Now each of us from time to time, has gazed upon the sea.
And watched the warships pulling out, to keep this country free.
And most of us have read a book, or heard a lusty tale.
About the men who sail these ships, through lightening, wind and hail.

But there’s a place within each ship, that legend fails to reach.
It’s down below the waterline, it takes a living toil-
A hot metal living hell, that sailors call the “HOLE”.

It houses engines run by steam, that make the shafts go ’round.
A place of fire and noise and heat, that beats your spirits down.
Where boilers like a hellish heart, with blood of angry steam
Are of molded gods without remorse, are nightmares in a dream.

Whose threat that from the first roar, is life living doubt,
That any minute would with scorn, escape and crush you out.
Where turbines scream like tortured souls, alone and lost in hell,
As ordered from above somewhere, they answer every bell.

The men who keep the fires lit, and make the engine run.
Are strangers to the world of night and rarely see the sun.
They have no time for man or God, no tolerance for fear,
Their aspect pays no living thing, the tribute of a tear.

For there’s not much that men can do, that these men haven’t done.
Beneath the decks, deep in the holes, to make the engines run.
And every hour of every day, they keep their watch in hell,
For if the fires ever fail, their ship’s a useless shell.

When ships converge to have a war, upon an angry sea,
The men below just grimly smile, at what their fate might be.
They’re locked in below like men fore doomed, who hear no battle cry,
It’s well assumed that if they’re hit, the men below will die.

For every day’s a war down there when the gauges all read red,
Twelve hundred pounds of superheated steam, can kill you mighty dead.
So if you ever write their sons, or try to tell their tale,
the very words would make you hear, a fired furnace’s wail.

These men of steel the Public never gets to know
So little’s heard about the Place, that sailors call the hole.
But I can sing about the place, and try to make you see
The hardened life of men down there, cause one of them is me.

I’ve seen these sweat soaked heros fight, in superheated air.
To keep their ship alive and right, though no one knows they’re there.
And thus they’ll fight for ages on, til steamships sail no more,
Amid the boiler’s mighty heat and turbines hellish roar.

So when you see a ship pull out to meet a warship foe.
Remember faintly, if you can, the men who sail below.

Author unknown, but no doubt an old snipe.



I am a 77 year old retired Northrop-Grumman Corp. Facilities Engineer. I worked at Northrop's Pico Rivera and Palmdale facilities for a total of 13 years, and retired 1n 1995. I have been married to my high school sweetheart for over 54 fantastic years, and we have 3 excellent children (all boys) 7 wonderful grandchildren, and 1 great grandchild. My hobbies are playing the piano (actually, more like learning HOW to play the piano) and restoring a 1937 Plymouth, although sadly, I have made very little progress on it in recent years. I drove road race go-karts until the age of 71. I never grew up, I just got old.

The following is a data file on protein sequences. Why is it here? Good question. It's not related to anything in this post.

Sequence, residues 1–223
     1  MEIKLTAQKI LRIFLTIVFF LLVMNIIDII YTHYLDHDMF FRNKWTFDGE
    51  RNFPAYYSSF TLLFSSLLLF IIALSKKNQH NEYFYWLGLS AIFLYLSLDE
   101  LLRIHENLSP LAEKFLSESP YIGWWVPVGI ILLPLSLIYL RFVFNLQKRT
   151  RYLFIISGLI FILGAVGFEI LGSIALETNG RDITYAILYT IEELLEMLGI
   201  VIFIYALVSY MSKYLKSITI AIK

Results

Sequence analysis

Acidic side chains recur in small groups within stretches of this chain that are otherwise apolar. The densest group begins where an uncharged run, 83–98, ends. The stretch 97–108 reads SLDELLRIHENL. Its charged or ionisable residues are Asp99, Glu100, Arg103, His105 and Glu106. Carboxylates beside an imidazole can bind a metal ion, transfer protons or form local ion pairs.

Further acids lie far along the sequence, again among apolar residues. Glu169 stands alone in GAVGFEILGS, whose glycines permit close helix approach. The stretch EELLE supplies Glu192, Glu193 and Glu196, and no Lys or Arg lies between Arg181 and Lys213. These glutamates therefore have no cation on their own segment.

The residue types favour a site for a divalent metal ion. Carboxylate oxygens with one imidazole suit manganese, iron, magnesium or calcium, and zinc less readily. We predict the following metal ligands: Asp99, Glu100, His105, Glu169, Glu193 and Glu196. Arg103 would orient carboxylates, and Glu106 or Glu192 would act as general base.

This entry was posted in Uncategorized. Bookmark the permalink.

2 Responses to A SNIPES LAMENT

  1. Bill Snipes says:

    A great web page, Junior, and one to which I can relate. I sailed in the merchant marine and am retired from the Dept. of the Navy (Puget Sound Naval Shipyard). I had a friend who restored a 1938 DeSoto and I wish you would post of photo of your Plymouth, just because I too, love old cars (I’m 72). Oh, and I am a real Snipes in more ways than one. . . . .

    Bill Snipes
    Bremerton WA

    • JUNIOR says:

      Hi Bill,
      With a name like that, I just made you an Honorary Snipe. Did you check out the entire USS Hyman Snipes site, or just the one page? If you want to check the entire site, here’s the link. http://www.usshymandd732snipes.wordpress.com My Plymouth is nothing to look at right now, with fenders removed, interior gutted, and the body in primer, but I’ll post it after it’s completed. Thanks for writing. Cheers. Junior

Leave a Reply

Fill in your details below or click an icon to log in:

WordPress.com Logo

You are commenting using your WordPress.com account. Log Out /  Change )

Google+ photo

You are commenting using your Google+ account. Log Out /  Change )

Twitter picture

You are commenting using your Twitter account. Log Out /  Change )

Facebook photo

You are commenting using your Facebook account. Log Out /  Change )


Connecting to %s